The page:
Those stories have been the focus of a four-year, $7 million investigation by special prosecutors, who released their findings Wednesday. Authors of the 292-page report, top prosecutors Edward J. Egan and Robert D. Boyle, said they had enough evidence to prove crimes against Burge and others, but "regrettably" could not bring charges because the statute of limitations had passed. After reviewing 148 cases, they said found three cases where they could prove in a court of law that Burge and four other officers were guilty of dereliction of duty, mistreatment of prisoners and abuse.
Burge's attorney has said that Burge never tortured anyone, and Burge did not return a message from TIME left at his home. He keeps a residence in Florida, where he ignores phone calls and knocks on his door for comment. It's a far cry from his days on the streets, where his approachability earned the gruff cop a spot as a favorite among colleagues and reporters. Chicago through and through, Burge, now 58, is the son of a phone company worker and fashion journalist who joined the Army, served in Vietnam and then fell in love with policing. From beat cop in 1970 to commander of South Side Chicago's detectives in the early 1980s, he earned commendations like snacks. He was a cop’s cop, a reporter’s cop and a city's hero.
But as evidence began emerging that Burge enforced a quite unique form of justice, he was suspended in 1991. Two years later, he was fired, after city attorneys stood up before the police board and alleged that Burge and his crew coerced confessions out of people including Andrew Wilson, who said he was forced to confess to the murders of two cops.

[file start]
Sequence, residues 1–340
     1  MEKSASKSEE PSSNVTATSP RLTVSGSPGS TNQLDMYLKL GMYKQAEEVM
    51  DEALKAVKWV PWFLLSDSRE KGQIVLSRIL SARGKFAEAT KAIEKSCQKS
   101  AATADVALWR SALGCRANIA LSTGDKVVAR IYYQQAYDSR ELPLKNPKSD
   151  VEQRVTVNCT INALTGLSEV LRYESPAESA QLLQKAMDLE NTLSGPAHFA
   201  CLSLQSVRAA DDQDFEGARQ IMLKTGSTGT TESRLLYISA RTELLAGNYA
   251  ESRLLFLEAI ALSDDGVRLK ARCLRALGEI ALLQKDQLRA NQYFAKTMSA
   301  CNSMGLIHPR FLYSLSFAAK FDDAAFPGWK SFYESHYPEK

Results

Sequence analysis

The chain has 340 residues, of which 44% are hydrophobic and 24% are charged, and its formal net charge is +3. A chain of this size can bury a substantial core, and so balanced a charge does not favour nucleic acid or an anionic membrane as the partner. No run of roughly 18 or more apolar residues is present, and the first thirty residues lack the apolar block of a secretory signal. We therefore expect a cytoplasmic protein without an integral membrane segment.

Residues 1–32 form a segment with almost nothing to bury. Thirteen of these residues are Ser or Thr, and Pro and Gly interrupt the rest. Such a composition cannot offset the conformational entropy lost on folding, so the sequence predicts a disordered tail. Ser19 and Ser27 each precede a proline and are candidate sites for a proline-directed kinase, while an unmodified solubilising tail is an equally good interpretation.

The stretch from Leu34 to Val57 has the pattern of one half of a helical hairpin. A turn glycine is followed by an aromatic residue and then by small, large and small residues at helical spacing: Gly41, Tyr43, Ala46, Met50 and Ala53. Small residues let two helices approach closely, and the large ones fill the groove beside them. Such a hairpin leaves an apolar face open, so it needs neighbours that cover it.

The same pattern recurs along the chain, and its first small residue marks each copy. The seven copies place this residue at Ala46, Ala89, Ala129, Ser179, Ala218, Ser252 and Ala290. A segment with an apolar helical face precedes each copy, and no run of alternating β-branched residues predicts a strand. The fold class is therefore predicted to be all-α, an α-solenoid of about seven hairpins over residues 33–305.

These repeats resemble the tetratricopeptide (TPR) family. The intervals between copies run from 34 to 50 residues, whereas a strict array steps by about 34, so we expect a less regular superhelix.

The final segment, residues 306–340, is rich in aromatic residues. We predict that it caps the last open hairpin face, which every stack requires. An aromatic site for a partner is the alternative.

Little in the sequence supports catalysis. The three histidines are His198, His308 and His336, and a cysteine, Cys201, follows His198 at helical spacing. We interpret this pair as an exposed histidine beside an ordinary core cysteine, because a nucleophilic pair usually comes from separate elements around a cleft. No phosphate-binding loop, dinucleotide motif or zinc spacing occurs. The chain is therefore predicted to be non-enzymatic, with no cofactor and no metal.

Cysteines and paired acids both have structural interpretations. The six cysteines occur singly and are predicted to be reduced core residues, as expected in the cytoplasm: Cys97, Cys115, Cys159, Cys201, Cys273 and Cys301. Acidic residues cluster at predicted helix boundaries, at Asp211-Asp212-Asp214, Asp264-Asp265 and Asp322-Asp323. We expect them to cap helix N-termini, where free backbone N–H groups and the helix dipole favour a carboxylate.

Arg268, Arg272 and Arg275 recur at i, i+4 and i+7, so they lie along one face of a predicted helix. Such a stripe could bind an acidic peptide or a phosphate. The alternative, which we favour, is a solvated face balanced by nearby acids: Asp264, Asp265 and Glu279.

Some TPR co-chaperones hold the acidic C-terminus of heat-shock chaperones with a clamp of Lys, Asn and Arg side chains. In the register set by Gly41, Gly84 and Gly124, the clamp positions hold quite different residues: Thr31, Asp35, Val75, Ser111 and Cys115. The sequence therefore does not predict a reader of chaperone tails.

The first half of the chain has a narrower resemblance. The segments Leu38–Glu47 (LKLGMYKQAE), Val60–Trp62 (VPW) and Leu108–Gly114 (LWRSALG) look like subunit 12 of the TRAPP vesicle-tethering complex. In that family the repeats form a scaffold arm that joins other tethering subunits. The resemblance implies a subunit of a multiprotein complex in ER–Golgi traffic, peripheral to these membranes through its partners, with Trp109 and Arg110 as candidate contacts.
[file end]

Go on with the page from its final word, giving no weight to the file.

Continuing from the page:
Over the years, the city has had to switch seats and take the side of the police, disputing that the city of Chicago should hand out a nickel over such claims. But Chicago has paid, and dearly attorneys' fees and settlements have totaled in the millions after concerns were brought by politicians and civil and human rights groups, including Amnesty International. Egan and his chief deputy, Boyle, were appointed in April 2002 by the county’s chief criminal judge specifically to investigate Burge after much community outcry that stemmed from repeated media reports on the alleged crimes.
Egan and Boyle's report has been eagerly awaited by many, but others feared what it would contain. Last month, the court haggled over whether to release the report at all. In late June, the Illinois Supreme Court denied a request by a person concerned he would be named in the report who wanted it to remain secret.
Now that the report has been released, some bigger names may also take cover. Chicago’s Mayor, Richard M. Daley, was the county’s top prosecutor when some of the allegations were being made against Burge. The current top prosecutor, Richard Devine, was a top Daley aide and, while in private practice, defended Burge in at least one lawsuit. Devine had disputed the need for a special prosecutor. Neither has responded directly when asked why Burge was never prosecuted. Boyle said that Daley cooperated with the special prosecutors' investigation. Boyle also said that they believe Daley's explanation that he was aware of the abuse allegations, but delegated the responsibility of investigating them to people who worked under him in his office.
Some are angered that Daley and Devine were not held culpable. "This report is a joke," says Frank Avila, an attorney for Aaron Patterson, who is suing the city for allegations of abuse by Burge and his men. "It is a sham by politically connected attorneys to protect the politically powerful." Meanwhile, Egan and Boyle said they have turned over their evidence 33,000 documents and testimony from 700 witnesses to the office of U.S. Attorney Patrick Fitzgerald, who could bring conspiracy or similar charges under federal law. A spokesman for Fitzgerald says his office won't make a decision until digesting the report.